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  • Writer's pictureHelen Avaient

Hunter Dreaming - Aboriginal Art Exhibition

Beautiful aboriginal works of art in different mediums are on display in a great exhibition at the Fremantle Arts Centre, from 15 June - 26 July 2020.

I acknowledge and respect the Traditional custodians of the land.

From traditional dot paintings to modern artist interpretations, the works cover a range of styles and topics.

My 2 favourites in the exhibit were modern pieces both by the same artist.

Tamisha Williams was born in Port Hedland, Western Australia in 1996. Chilling Out Ngurra 2019 a gicelee print, which is fine art digital print printed on a inkjet printer. Tamisha started painting at eight years old and is a role model in her community, working with youth.

My interpretation of the striking piece is that the young person could be either female or male, and surrounded by tradition whilst embracing technology. Caught between two worlds, yet at peace with both. An edition of 3 pictures sells for $600

The second amazing piece was also by Tamisha Williams, Love Heart 2019. This is also a gicelee print. Surrounded by the traditional hand prints, a shadow in the window shows hands forming a heart. One hand the past, one hand the future, showing love in the present. Or possibly one hand symbolising the indigenous people, one hand symbolising white Australians, and two coming together in love. An edition of 3 pictures sells for $350.

Maureen Nelson's 3D sculptures are made of metal, plastic and acrylic paint. Maureen was born in Amanta Western Australia in 1973. Her work tells stories of the local community. Joyrider 2020 was already sold for $1,098.

Maruka Arts and Crafts installation from Ulura in the Northern Territory . A group of minyma yarnagu (Aboriginal women), one from each different community supplied a traditional puna. Puna means living wood and are expressions of Country. These bowls are tools that have been used daily for centuries. They are beautifully shaped, reflecting the patterns of the wood. The items were not for sale.

A collection of digging sticks has been provided by various artists, costing between $100 - $244 each. Most are made of mulga wood which comes from a small tree native to arid outback areas of Australia. Sometimes called a yam stick, they could be used to dig out underground food, such as roots and tubers. They could also be used to dig out burrowing animals and for hunting.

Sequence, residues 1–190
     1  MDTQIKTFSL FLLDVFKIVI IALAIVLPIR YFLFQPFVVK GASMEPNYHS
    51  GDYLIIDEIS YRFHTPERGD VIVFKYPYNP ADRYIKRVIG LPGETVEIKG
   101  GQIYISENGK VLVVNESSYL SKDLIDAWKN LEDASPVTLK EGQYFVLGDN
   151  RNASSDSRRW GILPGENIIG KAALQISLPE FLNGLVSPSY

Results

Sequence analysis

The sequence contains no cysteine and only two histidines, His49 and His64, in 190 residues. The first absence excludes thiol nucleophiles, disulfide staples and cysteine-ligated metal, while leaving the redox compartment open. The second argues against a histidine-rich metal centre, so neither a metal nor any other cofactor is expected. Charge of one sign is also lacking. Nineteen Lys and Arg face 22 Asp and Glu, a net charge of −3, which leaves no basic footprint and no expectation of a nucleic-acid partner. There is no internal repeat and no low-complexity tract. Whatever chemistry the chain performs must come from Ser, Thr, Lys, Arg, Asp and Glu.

According to Dreamtime stories, the Wandjina were sky beings. These spirits from the clouds came down from the heavens and created the earth and its inhabitants. People ask, if the aboriginals are dark skinned, why are the Wandjina white, with no mouths and such large eyes? Could they be ancient astronauts? Today, only certain aboriginal people are given permission to paint Wandjina, and are to be treated respectfully, or natural catastrophes will occur.

John Sara lives in Dunsborough, Western Australia and has been creating art all his life. His paintings are uniquely styled and depict stories of his people, culture, spirituality and country. Noongar People and Culture 2019 is acrylic on canvas 120cm x 120cm and is for sale for $8,600.

Another art medium is created by weaving local grasses to create art. In the second picture below you can see the different materials used.

The exhibit focuses on Tim Leura Tjapaltjarri who was born in the Northern Territory in 1929 and died in 1984 at the age of 55. He was a strong cultural warrior for his community.

There are many paintings in the of Tim's that have been loaned for this exhibit.

The two paintings below were donated on behalf of all Nyoongar people to the City of Fremantle and the City of Wanneroo (both near Perth).

Hunter Dreaming and Aboriginal people meeting white people at the Swan River were painted in Perth in 1978-79. This is the first time the artworks have been presented together.

Hunter Dreaming recounts the travels of the artist’s father and grandfather. It is ochres on canvas 103 x 143cm.

In Aboriginal people, when the “Englishmen” were seen for the first time, they were mistakenly believed to be returned ancestors. The aboriginals laid down their weapons as a sign of peace. Acrylic paint on canvas on board 76.5 x 109cm.

The exhibit held in the beautiful Fremantle Arts Centre is an enjoyable educational experience and definitely recommended.

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